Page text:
FROM THE HELM
Anchoring Off a Lee Shore omebody recently recounted a story about friends who spent a worrisome and windy night anchored off a lee shore. This brought to mind one night I spent on a charter trip in the Sea of Cortez off La Paz, Mexico. It was in November 1996, and my wife and I and another couple had chartered a 43-foot sailboat for seven days from the Moorings in La Paz. I had already spent a bit of time around Baja California in all sorts of ways, but it was always on land. We chose November because it was borderline peak season, saving us some money, the water was still warm from the summer, and November was known to be a great month for cruising. We set out fully stocked with food, beer and rum (or was it tequila?). Conditions for sailing and cruising north up into the Sea of Cortez could not have been more ideal. We never had any clouds overhead, and the wind was always real light to maybe up to 15 knots. Nights were calm and warm, but it never got too hot. After a week of these idyllic conditions, we headed back for our last night’s stay at an anchorage that the charter company recommended as a convenient last night stop only hours from their docks. All of our anchorages up to this point were well protected from three sides in small bays, but this last one was off a long beach that was open to the north. But after five nights of calm, we didn’t bat an eye—just dropped an anchor and settled in for some rum drinks (or was it tequila?). As the evening
wore on, the wind started to increase from the north, and by nine o’clock, it was in the 25-knot range. I—the captain— started to worry since we were anchored off a lee shore. I made the decision that we must put a second anchor out. I have many times put a second anchor out from the sailboat—and many times in a dinghy—but it was always in calm conditions, and in daylight—but never in a dinghy with this kind of wind. We started up the dinghy and motor, and I and my friend John headed out into the wind with a second anchor—no easy task, mind you. You must point the dinghy into the wind, and since we decided we would pay out the anchor rode (I am not sure I would do that again), which was attached to the sailboat, as we worked our way into the wind and choppy seas, it became real tricky to make sure it did not get fouled in the prop. Our wives yelled at us over and over—from the moment we left the boat—to be careful—a thought that had crossed our minds, also. The motor seemed to barely push us out there in the winds and seas, but we made it without incident and returned safely to the boat. I couldn’t sleep all night, though. The boat was moving about like crazy in the wind and waves, as I was constantly getting up and checking to see if we had dragged anchor. Fortunately, we didn’t. Ever since then, I have decided that I will always put out two anchors off a potential lee shore right from the beginning—no matter what the weather looks like.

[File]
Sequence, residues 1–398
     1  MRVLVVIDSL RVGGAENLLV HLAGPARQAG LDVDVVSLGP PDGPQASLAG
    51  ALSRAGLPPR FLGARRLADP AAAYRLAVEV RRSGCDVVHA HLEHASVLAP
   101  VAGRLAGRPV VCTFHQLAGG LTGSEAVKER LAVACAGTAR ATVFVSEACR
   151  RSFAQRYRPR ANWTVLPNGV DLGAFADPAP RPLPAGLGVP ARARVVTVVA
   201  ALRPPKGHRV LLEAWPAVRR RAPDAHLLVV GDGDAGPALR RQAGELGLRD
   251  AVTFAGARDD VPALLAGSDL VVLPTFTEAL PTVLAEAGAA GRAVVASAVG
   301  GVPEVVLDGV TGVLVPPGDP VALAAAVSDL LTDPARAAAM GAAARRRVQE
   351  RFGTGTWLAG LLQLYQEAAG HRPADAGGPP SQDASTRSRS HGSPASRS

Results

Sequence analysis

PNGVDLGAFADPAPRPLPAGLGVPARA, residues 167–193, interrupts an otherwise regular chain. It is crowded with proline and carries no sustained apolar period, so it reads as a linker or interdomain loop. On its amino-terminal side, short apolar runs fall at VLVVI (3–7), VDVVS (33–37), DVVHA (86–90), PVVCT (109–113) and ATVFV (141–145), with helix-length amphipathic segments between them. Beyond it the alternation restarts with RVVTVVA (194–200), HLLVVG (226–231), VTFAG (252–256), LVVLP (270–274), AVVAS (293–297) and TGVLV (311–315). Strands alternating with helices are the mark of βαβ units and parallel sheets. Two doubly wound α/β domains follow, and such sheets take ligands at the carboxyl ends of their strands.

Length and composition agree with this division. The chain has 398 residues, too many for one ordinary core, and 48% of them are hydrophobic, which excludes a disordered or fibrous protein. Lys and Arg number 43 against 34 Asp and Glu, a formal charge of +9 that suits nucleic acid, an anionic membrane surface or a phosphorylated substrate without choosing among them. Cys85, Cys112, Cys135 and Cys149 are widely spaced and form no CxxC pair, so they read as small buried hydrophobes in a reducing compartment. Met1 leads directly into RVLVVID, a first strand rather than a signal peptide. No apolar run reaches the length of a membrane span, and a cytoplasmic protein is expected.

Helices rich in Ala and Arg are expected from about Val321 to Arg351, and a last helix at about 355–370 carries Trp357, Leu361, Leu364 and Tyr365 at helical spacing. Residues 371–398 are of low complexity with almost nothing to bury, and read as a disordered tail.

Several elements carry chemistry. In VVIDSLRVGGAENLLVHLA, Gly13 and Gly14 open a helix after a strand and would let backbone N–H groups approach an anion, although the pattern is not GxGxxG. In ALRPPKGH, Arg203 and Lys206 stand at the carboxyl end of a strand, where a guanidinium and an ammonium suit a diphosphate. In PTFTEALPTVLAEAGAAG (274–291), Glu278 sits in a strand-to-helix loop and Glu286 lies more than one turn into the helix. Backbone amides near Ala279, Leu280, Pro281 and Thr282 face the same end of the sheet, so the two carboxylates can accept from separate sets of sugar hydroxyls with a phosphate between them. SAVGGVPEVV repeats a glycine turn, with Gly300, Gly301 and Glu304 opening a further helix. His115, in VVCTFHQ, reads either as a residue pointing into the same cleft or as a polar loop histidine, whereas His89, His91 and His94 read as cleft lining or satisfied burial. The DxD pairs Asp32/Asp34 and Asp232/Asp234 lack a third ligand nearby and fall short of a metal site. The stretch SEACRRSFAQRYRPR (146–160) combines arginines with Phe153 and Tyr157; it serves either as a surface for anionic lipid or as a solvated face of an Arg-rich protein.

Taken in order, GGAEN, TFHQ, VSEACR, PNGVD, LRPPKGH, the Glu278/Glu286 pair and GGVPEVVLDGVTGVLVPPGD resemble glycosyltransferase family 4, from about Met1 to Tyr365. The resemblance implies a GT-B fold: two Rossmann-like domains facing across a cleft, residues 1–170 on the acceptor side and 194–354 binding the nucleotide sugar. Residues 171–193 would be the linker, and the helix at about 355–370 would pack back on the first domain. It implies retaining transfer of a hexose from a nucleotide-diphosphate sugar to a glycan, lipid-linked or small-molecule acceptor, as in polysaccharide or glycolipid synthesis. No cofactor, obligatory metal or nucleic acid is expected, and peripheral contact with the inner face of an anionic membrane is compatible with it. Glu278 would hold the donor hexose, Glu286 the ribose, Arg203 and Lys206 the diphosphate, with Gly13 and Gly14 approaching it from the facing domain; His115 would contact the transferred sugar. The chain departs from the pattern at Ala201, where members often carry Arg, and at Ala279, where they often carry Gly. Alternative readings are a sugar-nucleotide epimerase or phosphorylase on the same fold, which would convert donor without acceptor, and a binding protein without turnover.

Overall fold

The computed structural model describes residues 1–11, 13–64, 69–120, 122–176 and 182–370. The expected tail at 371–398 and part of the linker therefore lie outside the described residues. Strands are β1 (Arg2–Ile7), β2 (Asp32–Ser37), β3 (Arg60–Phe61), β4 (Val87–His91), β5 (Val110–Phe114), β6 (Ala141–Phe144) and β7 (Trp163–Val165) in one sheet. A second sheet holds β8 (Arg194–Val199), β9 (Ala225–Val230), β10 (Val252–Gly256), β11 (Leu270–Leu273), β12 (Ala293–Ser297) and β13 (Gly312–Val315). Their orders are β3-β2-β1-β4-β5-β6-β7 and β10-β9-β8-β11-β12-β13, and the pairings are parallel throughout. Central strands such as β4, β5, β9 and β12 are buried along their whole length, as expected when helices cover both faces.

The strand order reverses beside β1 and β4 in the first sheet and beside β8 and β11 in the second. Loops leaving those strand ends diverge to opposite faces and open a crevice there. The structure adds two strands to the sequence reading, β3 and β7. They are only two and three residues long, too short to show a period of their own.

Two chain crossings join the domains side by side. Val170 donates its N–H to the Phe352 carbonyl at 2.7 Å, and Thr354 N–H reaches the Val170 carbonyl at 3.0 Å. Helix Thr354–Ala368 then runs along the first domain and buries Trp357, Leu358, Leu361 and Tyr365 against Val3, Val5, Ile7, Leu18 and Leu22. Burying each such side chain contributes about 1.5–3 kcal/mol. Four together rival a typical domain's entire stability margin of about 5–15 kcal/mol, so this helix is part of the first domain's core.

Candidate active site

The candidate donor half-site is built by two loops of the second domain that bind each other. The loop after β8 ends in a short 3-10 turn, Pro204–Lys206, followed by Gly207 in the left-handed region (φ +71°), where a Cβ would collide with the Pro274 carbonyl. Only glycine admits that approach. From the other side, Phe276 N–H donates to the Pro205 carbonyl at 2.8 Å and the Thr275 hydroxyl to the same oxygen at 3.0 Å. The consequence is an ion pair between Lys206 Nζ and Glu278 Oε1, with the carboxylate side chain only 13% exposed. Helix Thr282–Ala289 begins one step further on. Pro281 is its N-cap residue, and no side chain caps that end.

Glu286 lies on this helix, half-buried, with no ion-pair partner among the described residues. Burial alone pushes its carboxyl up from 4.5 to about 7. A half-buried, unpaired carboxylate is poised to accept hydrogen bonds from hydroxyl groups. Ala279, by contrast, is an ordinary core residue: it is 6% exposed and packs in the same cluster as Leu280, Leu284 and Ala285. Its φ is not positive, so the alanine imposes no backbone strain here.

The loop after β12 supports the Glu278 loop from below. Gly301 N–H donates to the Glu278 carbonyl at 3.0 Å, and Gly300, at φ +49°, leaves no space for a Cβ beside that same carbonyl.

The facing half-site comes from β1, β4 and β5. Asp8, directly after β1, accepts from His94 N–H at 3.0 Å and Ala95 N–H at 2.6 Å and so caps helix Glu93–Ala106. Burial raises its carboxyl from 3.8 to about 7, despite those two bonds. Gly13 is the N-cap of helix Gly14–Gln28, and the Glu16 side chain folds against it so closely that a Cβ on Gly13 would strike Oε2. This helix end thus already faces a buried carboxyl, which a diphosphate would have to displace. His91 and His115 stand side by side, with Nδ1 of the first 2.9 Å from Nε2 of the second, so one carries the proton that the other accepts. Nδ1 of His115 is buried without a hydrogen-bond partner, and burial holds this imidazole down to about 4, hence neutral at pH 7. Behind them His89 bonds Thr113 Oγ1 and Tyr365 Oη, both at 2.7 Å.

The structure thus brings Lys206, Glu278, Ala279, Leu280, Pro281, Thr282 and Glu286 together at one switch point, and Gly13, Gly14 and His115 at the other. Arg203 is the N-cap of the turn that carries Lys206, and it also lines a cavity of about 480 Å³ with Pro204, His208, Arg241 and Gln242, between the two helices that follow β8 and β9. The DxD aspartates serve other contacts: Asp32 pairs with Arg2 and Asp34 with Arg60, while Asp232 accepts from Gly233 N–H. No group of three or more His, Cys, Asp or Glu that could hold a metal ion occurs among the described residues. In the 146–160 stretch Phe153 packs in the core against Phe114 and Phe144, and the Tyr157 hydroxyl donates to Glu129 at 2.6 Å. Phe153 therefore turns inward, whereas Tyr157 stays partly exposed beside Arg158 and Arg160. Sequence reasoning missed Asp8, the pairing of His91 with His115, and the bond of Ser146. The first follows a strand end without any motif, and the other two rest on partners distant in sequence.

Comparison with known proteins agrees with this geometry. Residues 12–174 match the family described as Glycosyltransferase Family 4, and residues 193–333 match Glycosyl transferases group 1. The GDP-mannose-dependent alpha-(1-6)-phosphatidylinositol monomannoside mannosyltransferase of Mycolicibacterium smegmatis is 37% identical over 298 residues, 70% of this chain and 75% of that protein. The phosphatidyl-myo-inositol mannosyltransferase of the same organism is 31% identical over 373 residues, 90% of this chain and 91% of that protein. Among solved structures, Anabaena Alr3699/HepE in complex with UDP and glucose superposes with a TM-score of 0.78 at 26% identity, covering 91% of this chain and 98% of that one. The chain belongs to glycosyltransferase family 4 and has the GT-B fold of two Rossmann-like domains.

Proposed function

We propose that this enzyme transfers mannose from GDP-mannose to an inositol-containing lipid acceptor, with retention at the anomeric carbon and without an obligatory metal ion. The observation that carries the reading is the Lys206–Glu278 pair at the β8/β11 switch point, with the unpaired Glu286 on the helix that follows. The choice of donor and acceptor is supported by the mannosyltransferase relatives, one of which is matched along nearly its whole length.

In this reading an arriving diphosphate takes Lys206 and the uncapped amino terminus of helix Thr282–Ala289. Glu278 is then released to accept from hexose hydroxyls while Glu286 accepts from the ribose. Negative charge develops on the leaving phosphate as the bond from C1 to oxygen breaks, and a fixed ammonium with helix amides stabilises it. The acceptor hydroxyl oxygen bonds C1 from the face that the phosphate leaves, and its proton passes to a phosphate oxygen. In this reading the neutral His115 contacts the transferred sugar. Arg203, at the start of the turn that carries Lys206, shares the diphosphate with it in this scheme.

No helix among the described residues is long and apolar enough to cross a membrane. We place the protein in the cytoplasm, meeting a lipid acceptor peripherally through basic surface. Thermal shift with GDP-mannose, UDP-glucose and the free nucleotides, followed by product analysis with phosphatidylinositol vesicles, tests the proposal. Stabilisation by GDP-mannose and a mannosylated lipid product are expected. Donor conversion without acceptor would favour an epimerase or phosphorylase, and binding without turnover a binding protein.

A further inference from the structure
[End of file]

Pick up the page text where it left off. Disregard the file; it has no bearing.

TEAM HARBORAGE WELCOMES ABOARD NEW MARINA MANAGER! Marinas International is proud to welcome aboard Kirby Cay Scheimann, CMM, as the new Manager of The Harborage Marina. As a Certified Marina Manager, Faculty Member of the International Marina Institute specializing in Customer Service, and a long time Marinas International employee, Kirby would like to invite you drop by and see why we believe the Harborage Marina is the premier marine facility on Tampa Bay! 880-Foot Breakwater Floating Docks Incredible Protection • Direct Access to Tampa Bay • Swimming Pool • Parking • Easy Highway & Airport Access • Close to downtown
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